Start by looking at the time you have before test-day. Next, assign yourself at least three full practice tests in addition to your normal studying time, paced out over the course of your time until the test.

This probably won’t be possible if you only have a week or two before test-day, but it’s still important to fit in at least one practice test or two in where you can. If you are on an accelerated or last minute schedule, check out our guide to improving your score in 10 days.

 

6) Sign up with a tutor or prep program if you are not seeing signs of improvement

Some people find that they want to do all their studying alone, but for others this is untenable. If you find that the material does not make sense to you or you need an outward push to help you (or to just make you make time to study), then a tutor or a test prep program (or both!) are necessary to give you that final push and maximize your potential score.


body_okayThere are many different study-paths and you'll find the right one for your needs.

Image: maramao/DeviantArt

 

What’s Next?

Want to best make use of your study materials? Now that you've gathered your ACT math study materials, check out how to get the most realistic ACT experience while you practice.

Bitten by the procrastination bug? Time running out until test day? Check out how to beat the urge to procrastinate and learn how to balance time for your study prep.

Looking to get a perfect score? Check out our guides to how many questions you can get wrong and still score perfect and how to get a perfect 36 on ACT math, written by a perfect-scorer.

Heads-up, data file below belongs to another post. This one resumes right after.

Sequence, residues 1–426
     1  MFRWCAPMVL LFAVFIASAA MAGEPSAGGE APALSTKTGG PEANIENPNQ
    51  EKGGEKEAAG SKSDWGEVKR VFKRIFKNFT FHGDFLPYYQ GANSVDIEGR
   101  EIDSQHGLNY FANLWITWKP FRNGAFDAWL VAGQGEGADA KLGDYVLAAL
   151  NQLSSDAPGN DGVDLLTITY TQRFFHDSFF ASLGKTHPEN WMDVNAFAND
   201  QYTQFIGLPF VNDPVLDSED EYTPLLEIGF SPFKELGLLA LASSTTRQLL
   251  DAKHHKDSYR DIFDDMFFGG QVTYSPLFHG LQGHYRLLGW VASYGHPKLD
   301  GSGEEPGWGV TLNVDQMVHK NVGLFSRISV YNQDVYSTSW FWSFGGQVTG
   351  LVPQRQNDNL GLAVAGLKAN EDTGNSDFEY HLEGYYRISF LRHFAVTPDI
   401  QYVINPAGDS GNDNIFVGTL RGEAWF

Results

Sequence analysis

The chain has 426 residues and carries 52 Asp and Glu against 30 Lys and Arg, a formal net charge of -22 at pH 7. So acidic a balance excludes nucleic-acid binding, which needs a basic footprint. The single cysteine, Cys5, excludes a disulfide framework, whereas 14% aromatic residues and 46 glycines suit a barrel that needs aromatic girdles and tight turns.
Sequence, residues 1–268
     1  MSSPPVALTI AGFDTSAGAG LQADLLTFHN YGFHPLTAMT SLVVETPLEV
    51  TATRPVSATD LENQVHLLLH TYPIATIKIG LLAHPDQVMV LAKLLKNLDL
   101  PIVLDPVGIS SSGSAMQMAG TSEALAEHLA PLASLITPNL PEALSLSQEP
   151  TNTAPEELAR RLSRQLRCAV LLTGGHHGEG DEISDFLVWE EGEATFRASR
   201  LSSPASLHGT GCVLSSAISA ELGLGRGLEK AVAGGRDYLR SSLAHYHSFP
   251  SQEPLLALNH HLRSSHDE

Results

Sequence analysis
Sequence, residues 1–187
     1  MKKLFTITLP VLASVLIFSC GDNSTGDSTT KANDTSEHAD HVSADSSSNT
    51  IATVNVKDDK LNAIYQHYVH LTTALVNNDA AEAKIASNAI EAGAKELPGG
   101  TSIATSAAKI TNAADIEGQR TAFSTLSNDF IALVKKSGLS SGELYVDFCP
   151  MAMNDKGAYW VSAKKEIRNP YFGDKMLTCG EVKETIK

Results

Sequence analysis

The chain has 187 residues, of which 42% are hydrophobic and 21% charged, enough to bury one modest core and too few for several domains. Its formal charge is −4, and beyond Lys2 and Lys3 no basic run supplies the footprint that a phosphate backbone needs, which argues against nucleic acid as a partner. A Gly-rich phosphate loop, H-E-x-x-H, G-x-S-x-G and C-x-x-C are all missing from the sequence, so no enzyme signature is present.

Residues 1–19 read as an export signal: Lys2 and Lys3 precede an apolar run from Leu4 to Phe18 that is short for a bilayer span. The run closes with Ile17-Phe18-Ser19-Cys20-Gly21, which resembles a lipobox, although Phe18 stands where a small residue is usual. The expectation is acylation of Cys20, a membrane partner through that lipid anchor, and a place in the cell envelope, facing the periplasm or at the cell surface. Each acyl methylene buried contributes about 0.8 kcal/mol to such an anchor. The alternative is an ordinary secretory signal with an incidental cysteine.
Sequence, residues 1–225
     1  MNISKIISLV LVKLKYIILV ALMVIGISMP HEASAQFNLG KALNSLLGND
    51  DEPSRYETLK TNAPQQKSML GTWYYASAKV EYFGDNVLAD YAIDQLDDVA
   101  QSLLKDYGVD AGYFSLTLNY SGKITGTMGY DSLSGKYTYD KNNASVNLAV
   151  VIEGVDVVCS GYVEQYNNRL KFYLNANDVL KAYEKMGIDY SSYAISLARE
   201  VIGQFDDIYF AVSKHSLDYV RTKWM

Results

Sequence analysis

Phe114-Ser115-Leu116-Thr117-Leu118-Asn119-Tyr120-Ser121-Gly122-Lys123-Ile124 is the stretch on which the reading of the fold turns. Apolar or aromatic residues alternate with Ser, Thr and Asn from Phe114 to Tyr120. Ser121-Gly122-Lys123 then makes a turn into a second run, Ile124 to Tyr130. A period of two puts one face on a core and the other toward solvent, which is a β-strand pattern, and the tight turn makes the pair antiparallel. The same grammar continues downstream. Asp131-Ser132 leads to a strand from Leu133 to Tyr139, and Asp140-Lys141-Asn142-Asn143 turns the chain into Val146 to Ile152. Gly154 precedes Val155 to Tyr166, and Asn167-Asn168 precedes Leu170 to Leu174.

Want to improve your ACT score by 4 points? 

Check out our best-in-class online ACT prep program. We guarantee your money back if you don't improve your ACT score by 4 points or more.

Our program is entirely online, and it customizes what you study to your strengths and weaknesses. If you liked this Math lesson, you'll love our program. Along with more detailed lessons, you'll get thousands of practice problems organized by individual skills so you learn most effectively. We'll also give you a step-by-step program to follow so you'll never be confused about what to study next.

Check out our 5-day free trial:

ACT Free Signup

 

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Courtney Montgomery
About the Author

Courtney scored in the 99th percentile on the SAT in high school and went on to graduate from Stanford University with a degree in Cultural and Social Anthropology. She is passionate about bringing education and the tools to succeed to students from all backgrounds and walks of life, as she believes open education is one of the great societal equalizers. She has years of tutoring experience and writes creative works in her free time.